Case against the tobacco industry

Saturday June 29 2019


By Dr Sylvester Onzivua

On September 22, 1999, the US Department of Justice brought a law suit against the tobacco industry. The main issue was that the tobacco companies had, over a significant period of time conspired to fraudulently deceive people about the health effects of smoking and environmental tobacco smoke, the addictiveness of nicotine, the health benefits from low tar, light cigarettes, and their manipulation of the design and composition of cigarettes in order to sustain nicotine addiction.

According to the complaint, the tobacco companies deliberately sought to deny that smoking caused disease and to maintain that there was no scientific consensus on the subject. The tobacco companies were also accused of issuing deceptive press releases, publishing false and misleading articles, destroying and concealing documents which indicated that there was in fact a correlation between smoking and disease, and aggressively targeting children as potential new smokers.
The lawsuit sought to recover health care expenditures the government had paid and would have to pay to treat tobacco-related illness as a result of the tobacco companies’ unlawful actions. The government also sought monetary damage. Additionally, the government requested injunctions to prevent the tobacco companies from engaging in further fraud. Several public health groups joined the lawsuit to assert their interests in the proposed relief.

On August 17, 2006, the court issued a landmark ruling, holding the tobacco companies liable for conspiracy and fraudulently covering up the health risks associated with cigarettes and for marketing their products to children.

Court found that the only way to restrain the tobacco companies from their long standing and continuing fraudulent efforts to deceive smokers, potential smokers and the public was to prohibit them from using descriptions such as low tar, mild, medium or ultra-light cigarettes which created the false impression that such cigarettes were less harmful to smokers.
Court also established that the tobacco companies made false, deceptive, and misleading public statements about cigarettes and as a result of these, court ordered the tobacco companies to issue corrective statements and also restrained them from making further fraudulent public statements on smoking and health matters in the future.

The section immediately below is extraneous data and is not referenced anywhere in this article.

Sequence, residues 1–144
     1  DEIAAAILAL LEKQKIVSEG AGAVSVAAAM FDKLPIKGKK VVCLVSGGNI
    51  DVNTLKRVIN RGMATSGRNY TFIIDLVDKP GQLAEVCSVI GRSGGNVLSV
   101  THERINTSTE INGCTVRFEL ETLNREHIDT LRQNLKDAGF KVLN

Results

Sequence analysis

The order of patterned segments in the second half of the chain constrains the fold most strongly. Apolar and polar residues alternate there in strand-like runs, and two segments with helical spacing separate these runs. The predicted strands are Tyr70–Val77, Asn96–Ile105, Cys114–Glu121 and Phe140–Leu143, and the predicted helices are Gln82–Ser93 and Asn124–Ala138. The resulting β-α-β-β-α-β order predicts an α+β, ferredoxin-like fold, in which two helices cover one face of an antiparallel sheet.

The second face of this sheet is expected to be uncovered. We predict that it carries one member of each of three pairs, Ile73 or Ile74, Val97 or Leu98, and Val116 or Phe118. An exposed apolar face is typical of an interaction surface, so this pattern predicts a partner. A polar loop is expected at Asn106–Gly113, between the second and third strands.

The tobacco companies were ordered to publish these statements in newspapers and disseminate them through television, advertisements and on their corporate websites. The specific language of these statements was not included in the ruling, but the companies were to submit proposals for approval by the court. The statements were to be confined to purely factual and uncontroversial information, intended to thwart efforts to either directly mislead consumers or capitalize on prior deceptions by continuing to advertise in a manner that builds on consumers’ existing misperceptions.

In 2012 court released specific language for language for the five corrective statements based on proposals submitted by all parties. The companies, however, challenged the language proposed by the court, claiming that portions of the proposed text violated some of their rights under the constitution and were intended to humiliate them and disclose prior wrongdoing rather than prevention and restrain of further violations. The appeals resulted in modification of the language of the proposed statements.


Court also found that the suppression and concealment of information by the tobacco companies was integral to their efforts to defraud the public, and that they had failed to disclose, and created false controversy over the existence of, information they possessed about cigarettes.

The court therefore ordered the companies to create and maintain document depositories and websites which provide the government and the public with access to all the industry documents disclosed in the litigation. The companies were also ordered to provide government with their disaggregated marketing data to ensure transparency of their marketing efforts, particularly those directed towards the youth.


Court ordered the tobacco companies to specifically make corrective statements about
• Addiction,
• The adverse health effects of smoking
• The adverse health effects of exposure to second hand smoke
• The manipulation of the cigarette to enhance nicotine delivery, and
• The health benefits of light and low tar cigarettes